ECB’s de Cos: Better to Err on the Side of Prolonging Monetary Accommodation
29 November 2021
By David Barwick – FRANKFURT (Econostream) – The transitory nature of inflation is reason to take care not to prematurely remove monetary accommodation in the euro area, and flexibility in conducting asset purchases should be retained, European Central Bank Governing Council member Pablo Hernández de Cos said Monday.
In a speech at a financial conference in Madrid, de Cos, who heads Banco de España, said that higher inflation rates ‘are predominantly temporary in nature and, in the absence of further shocks, should start to subside over the course of the coming year’, though he conceded that they had ‘proved to be stronger and more persistent than anticipated a few months ago.’
The transience of elevated inflation depends on higher input prices not feeding through to HICP, but persistent bottlenecks could cause them to do so, he said. Past rises in intermediate good prices tend to show up with a delay in consumer prices and thus ‘could still contribute to an increase in inflationary pressures on final goods in the coming months’, he said.
Potential second-round wage effects, still subdued, could also prolong high inflation, he said, although the decline in the use of indexation clauses is one reason to think this will not occur. So far, wages increases have also been more pronounced in cyclically stronger sectors, though growing labour scarcity could upend this tendency, he said.
‘In this regard, while excessive wage increases across the board would be counterproductive in the current setting, increases in wages that are consistent with productivity and demand at individual and firm level, respectively, would be welcome’, he said. ‘This would help us to achieve our inflation aim in the medium term, while avoiding undesired second round effects.’
De Cos argued that the economic recovery remained far from complete, real GDP still being well below its pre-pandemic trend. The gap is projected to remain negative for the next couple of years, making it ‘hard to believe that inflation will remain high or even on target in the medium-term’, he said.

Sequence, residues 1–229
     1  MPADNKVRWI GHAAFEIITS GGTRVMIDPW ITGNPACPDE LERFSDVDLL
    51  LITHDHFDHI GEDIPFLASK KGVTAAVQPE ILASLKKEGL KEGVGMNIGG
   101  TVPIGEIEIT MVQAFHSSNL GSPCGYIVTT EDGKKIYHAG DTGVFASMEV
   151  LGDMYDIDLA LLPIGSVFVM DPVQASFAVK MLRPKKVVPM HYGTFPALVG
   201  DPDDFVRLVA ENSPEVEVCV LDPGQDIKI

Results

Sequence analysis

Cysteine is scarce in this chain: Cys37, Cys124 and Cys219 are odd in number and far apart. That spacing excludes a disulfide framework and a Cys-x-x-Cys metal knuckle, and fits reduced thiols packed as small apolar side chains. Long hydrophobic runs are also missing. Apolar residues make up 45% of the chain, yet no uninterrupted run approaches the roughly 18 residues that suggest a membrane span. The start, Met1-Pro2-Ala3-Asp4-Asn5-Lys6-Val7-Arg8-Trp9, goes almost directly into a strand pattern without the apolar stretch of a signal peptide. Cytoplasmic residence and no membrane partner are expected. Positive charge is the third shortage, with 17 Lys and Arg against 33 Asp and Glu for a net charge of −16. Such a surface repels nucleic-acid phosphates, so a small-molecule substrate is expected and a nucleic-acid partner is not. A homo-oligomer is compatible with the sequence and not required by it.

Moreover, risks to short-term growth are to the downside, with that posed by the pandemic materialising in some countries, he said. More expensive energy threatens to depress demand and widen the gap between actual and potential output, he said.
Continuing his list of uncertainties around the ‘gradual price normalisation scenario’, de Cos said that the necessary medium-term fiscal consolidation would ‘have an adverse effect on economic growth and inflation’ that ‘is not completely factored into the current macroeconomic projections.’
As for the disinflationary forces of recent years, he then continued, ‘it is very premature’ to think that the factors that have kept wages and prices tame regardless of the degree of cyclical slack will weaken. However, he conceded, the climate transition ‘could, during a transition period, push up energy production costs’, while globalisation may slow, ‘with the knock-on dampening effect on final goods and services.’
Turning to monetary policy, de Cos called the current disparity between supply and demand ‘an argument for keeping financing conditions supportive.’
All in all, ‘we are unlikely to witness interest rate hikes next year or even for some time thereafter,’ the conditions for such tightening being ‘unlikely to be met within that time frame’, he posited.
Between the risks of deferring tightening for too long and tightening too soon, ‘it is better, in my view, to err on the side of caution when it comes to adjusting our monetary policy, and therefore to be patient’, he said, as ‘premature tightening would probably prove costlier, since it could potentially trigger an even larger undershooting of inflation than envisaged at present’.
Still, he acknowledged, ‘we must be on the lookout for any indications of a deanchoring of inflation expectations, since this would be a key factor in making this bout of high inflation endure.’
With respect to the continuation of the pandemic emergency purchase programme (PEPP), de Cos would say only that the Governing Council would decide in December ‘whether the conditions are in place to potentially end net purchases under this programme.’
Keeping the PEPP’s flexibility ‘would be warranted, in the interest of our purchase programme’s efficiency and effectiveness and to provide for a sufficiently nimble response to any situation in which the smooth transmission of common monetary policy across all euro area countries might be compromised, as was the case at the start of this crisis’, he said.